The Wilderness Land Trust

Twenty five years ago, The Wilderness Land Trust made a commitment to you. We vowed to protect the integrity of designated wilderness areas by removing the threat of private inholdings, thereby removing the potential for commercial, residential and industrial development in wildlands across the American West. Today, as we celebrate our 25th anniversary with you, the number of private inholding acres in the lower 48 states is less than half of what it was when we began in 1992. However, there is much more work to be done. Approximately 176,000 acres of inholdings remain, and we have a big, bold, ambitious goal to remove all remaining threats to wilderness over the next two decades. With your support, the Trust will continue to work with willing landowners and wilderness area managers to negotiate the acquisition and transfer of private inholdings to protected wilderness

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General Information

General
Official Name
Wilderness Land Trust​​​​​​​
DBA/Trade Name(s)
N/A
Former Name(s)
N/A
Acronym
WLT
Date Established
1992
Offers Additional Colorado State Tax Credit
None
Tax ID
84-1192823
Addresses
Headquarters Address
187 Parfitt Way SW #G115
Bainbridge Island, WA 98110
Colorado Location
N/A
Mailing Address
PO Box 11697
Bainbridge Island, WA 98110
Phone/Fax
Main Phone Number
970-963-6068
Fax Number
N/A
Other Phone Number
206-397-5240
Web/Email
Email
admin@wildernesslandtrust.org
Website
www.wildernesslandtrust.org
Social Media Links
 

Mission Statement

The Wilderness Land Trust acquires and transfers inholdings to public ownership that complete designated and proposed wilderness areas, or directly protect wilderness values.

Organization History

Established in 1992, The Wilderness Land Trust is a national, nonprofit conservation organization dedicated to purchasing lands for the federal wilderness system to ensure their preservation.

Our goal is to ensure that America keeps its promise to future generations that America's wilderness will remain forever wild.

With the Wilderness Preservation Act in 1964, Congress established the world's first National Wilderness Preservation System, where "man himself is a visitor who does not remain." But simply drawing lines on a map and declaring it a wilderness area does not necessarily make a wilderness whole. Wilderness areas are often riddled with private ownership. Many such "inholdings" predate the Wilderness Act and are vulnerable to mining, logging, oil and gas drilling and development. The Wilderness Land Trust works to acquire these lands. We then transfer them to federal agencies to be protected as wilderness forever.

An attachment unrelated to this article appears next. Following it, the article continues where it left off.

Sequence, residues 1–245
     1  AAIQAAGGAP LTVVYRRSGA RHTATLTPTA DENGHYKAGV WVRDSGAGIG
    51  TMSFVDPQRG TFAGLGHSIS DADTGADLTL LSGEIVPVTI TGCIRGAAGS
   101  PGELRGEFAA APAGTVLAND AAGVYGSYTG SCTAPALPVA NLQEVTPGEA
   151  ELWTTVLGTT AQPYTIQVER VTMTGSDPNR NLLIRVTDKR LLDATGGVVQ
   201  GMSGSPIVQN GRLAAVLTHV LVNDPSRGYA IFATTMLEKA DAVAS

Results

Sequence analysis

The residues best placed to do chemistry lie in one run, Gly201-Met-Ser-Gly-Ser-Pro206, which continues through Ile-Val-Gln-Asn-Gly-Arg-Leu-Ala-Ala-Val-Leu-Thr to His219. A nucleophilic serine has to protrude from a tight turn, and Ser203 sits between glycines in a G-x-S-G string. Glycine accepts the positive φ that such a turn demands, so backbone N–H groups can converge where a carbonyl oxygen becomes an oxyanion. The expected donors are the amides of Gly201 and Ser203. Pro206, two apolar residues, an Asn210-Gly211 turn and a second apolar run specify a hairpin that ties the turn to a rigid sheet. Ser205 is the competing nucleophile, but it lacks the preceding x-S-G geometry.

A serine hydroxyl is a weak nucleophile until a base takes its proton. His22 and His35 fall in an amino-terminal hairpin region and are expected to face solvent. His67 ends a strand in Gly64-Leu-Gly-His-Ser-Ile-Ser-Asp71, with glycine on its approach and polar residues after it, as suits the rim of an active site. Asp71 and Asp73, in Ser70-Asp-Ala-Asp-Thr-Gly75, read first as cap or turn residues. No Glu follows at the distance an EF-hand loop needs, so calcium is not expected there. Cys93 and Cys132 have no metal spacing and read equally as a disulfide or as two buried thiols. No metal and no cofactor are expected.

By removing these threats not only protect these lands from development, but also the integrity of the surrounding wilderness. Donors make this work possible.

Beyond its inherent beauty, many would say that wilderness defines the American spirit. Wilderness has long inspired American thinking, writing and art. As we face unprecedented global environmental challenges, wilderness is a last refuge for endangered wildlife, a source of clean air and water, and critical to understanding and limiting climate change.

Testimonials

LANDOWNERS
"I tried to do it myself-to get land directly to the Forest Service-but it took five years. [WLT] made it very easy to convey. Once the Forest Service had gotten the land, that made James Peak possible as a Wilderness. It's really fine what the Wilderness Land Trust does."
- Giles Toll
Landowner, Colorado

FEDERAL PARTNERS
"Transferring this property into public ownership will help ensure conservation of the valuable resources this land has to offer for future generations. Without the hard work and dedication of the Wilderness Trust and its partners, this opportunity to enhance Sheep Mountain Wilderness would not be possible. This is a true legacy opportunity made possible through public/private partnerships."
- Jody Noiron
Forest Supervisor, Angeles National Forest, California

FUNDERS
"WLT does important work, but it's largely below the radar screen. They don't seek a lot of attention. They do the job and they do it well. They have a distinct role to play that's not glamorous, but so important. Their job is not only to make new wilderness but to protect the wilderness we have. It's been a great partnership."
- Michael Mantell
President, Resources Legacy Fund Foundation (RLFF)

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